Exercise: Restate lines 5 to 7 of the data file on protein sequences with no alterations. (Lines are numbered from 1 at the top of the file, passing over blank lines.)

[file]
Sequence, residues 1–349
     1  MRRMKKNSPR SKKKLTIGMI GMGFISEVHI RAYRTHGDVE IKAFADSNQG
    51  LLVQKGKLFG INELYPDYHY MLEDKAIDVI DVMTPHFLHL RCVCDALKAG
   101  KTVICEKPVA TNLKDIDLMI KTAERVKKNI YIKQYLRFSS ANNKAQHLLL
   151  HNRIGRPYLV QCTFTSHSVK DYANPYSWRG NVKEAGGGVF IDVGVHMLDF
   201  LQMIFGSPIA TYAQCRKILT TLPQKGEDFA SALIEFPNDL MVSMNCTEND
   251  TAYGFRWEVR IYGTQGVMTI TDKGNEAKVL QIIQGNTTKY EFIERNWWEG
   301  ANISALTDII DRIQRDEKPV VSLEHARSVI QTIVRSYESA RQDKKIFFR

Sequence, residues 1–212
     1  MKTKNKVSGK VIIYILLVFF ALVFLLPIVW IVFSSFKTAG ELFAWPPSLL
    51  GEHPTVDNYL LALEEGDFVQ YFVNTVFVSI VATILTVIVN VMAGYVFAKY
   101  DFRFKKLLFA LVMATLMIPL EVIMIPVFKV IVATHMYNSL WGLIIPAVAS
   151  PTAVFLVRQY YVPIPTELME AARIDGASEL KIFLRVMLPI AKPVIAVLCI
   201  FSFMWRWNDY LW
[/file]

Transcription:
   151  HNRIGRPYLV QCTFTSHSVK DYANPYSWRG NVKEAGGGVF IDVGVHMLDF
   201  LQMIFGSPIA TYAQCRKILT TLPQKGEDFA SALIEFPNDL MVSMNCTEND
   251  TAYGFRWEVR IYGTQGVMTI TDKGNEAKVL QIIQGNTTKY EFIERNWWEG